Wouldn't it be nice
to think they are doing this out of some form of enlightened utilitarianism, an understanding that the flow of money is what creates a strong economy, and that hiring 10 over 1, especially where the 1 is normally some toadying MBA who hasn't got a clue how to add real value.
But who knows, maybe they just want a better dividend, but even there that makes more sense than paying management.
This is whole concept that some make good leaders is very flawed, what makes a good business is having the finance to get a foothold and people who actually make the business a profit, and that doesn't really include management.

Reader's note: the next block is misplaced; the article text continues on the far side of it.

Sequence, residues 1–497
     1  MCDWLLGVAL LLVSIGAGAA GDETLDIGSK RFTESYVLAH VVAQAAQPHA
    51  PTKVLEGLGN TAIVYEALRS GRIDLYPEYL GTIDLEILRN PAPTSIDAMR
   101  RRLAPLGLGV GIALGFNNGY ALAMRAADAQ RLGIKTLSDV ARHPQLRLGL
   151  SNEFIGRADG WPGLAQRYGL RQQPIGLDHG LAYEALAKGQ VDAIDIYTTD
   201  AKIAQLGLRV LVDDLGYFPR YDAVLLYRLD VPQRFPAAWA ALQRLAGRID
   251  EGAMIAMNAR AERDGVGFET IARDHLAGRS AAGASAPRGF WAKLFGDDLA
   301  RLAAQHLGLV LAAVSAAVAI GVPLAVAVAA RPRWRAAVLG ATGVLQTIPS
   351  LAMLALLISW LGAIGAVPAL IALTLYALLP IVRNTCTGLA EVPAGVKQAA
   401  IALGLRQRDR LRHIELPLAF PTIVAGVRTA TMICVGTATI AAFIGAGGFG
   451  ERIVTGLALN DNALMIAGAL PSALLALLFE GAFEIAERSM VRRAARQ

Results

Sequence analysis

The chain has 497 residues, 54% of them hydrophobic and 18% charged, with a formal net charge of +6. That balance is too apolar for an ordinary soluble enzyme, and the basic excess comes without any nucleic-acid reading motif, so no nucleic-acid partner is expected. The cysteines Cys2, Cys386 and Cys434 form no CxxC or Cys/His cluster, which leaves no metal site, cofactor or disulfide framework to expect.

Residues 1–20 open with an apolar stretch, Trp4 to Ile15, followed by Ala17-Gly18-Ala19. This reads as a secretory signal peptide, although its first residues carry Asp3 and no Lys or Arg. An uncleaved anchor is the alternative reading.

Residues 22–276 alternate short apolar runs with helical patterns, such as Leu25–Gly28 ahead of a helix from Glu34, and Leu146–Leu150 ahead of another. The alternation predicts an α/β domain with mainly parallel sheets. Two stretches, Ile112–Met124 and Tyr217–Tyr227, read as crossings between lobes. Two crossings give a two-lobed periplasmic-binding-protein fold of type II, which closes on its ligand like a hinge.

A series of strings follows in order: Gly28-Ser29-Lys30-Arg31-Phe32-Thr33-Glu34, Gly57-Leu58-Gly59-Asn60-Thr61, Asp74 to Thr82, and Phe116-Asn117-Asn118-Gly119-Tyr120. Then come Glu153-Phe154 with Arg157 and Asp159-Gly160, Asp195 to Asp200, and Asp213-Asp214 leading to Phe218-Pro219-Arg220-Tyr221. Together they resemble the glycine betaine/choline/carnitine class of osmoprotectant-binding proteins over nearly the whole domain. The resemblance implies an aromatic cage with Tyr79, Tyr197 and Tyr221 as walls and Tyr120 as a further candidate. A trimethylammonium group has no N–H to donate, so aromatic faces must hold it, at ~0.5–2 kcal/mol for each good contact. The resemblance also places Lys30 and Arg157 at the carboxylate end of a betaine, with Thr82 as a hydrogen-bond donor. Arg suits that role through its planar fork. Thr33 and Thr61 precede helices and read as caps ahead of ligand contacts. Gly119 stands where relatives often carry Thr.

There was time when it was applicable, when people were badly educated, but now most companies have manager managing experts, and you don't get to become an expert without knowing basic numeracy or how to organise your time, so management without skills seems rather defunct.
In fact, you could probably start to value companies on this basis, just look for the companies where the management is taking a hugely disproportionate share over the actual money makers, and make sure you sell or don't invest there.
And those companies which are lean and mean in management but place responsibilities on their experts, need to make a bit of a song and dance about it, because those are quite tasty prospects for investment.
I think general management is going the way of the dodo, and really management of a company should be by the shareholders, and mechanisms should be put in place to make that simpler to achieve, sure some shareholders won't want to do it, but in many cases it is quite useful to have a bigger say in the day to day running of a company.